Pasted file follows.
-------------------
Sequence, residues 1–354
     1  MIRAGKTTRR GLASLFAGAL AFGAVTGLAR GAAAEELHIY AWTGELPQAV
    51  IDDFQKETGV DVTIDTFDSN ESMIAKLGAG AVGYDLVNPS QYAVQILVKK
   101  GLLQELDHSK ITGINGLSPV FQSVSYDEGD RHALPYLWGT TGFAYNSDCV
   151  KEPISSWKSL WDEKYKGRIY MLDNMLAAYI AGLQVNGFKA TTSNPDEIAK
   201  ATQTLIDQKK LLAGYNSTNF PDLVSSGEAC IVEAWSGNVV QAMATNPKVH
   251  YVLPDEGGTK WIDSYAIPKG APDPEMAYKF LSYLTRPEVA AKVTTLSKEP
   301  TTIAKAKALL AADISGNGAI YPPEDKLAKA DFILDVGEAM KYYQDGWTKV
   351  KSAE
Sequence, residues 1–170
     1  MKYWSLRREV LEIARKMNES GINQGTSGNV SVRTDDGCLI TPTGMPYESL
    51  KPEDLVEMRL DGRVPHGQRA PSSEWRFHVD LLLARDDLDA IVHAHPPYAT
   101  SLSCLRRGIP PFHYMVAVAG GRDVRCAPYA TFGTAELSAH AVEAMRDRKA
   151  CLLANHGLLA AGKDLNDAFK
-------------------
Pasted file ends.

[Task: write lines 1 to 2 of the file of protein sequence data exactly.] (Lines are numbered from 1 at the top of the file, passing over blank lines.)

Sequence, residues 1–354
     1  MIRAGKTTRR GLASLFAGAL AFGAVTGLAR GAAAEELHIY AWTGELPQAV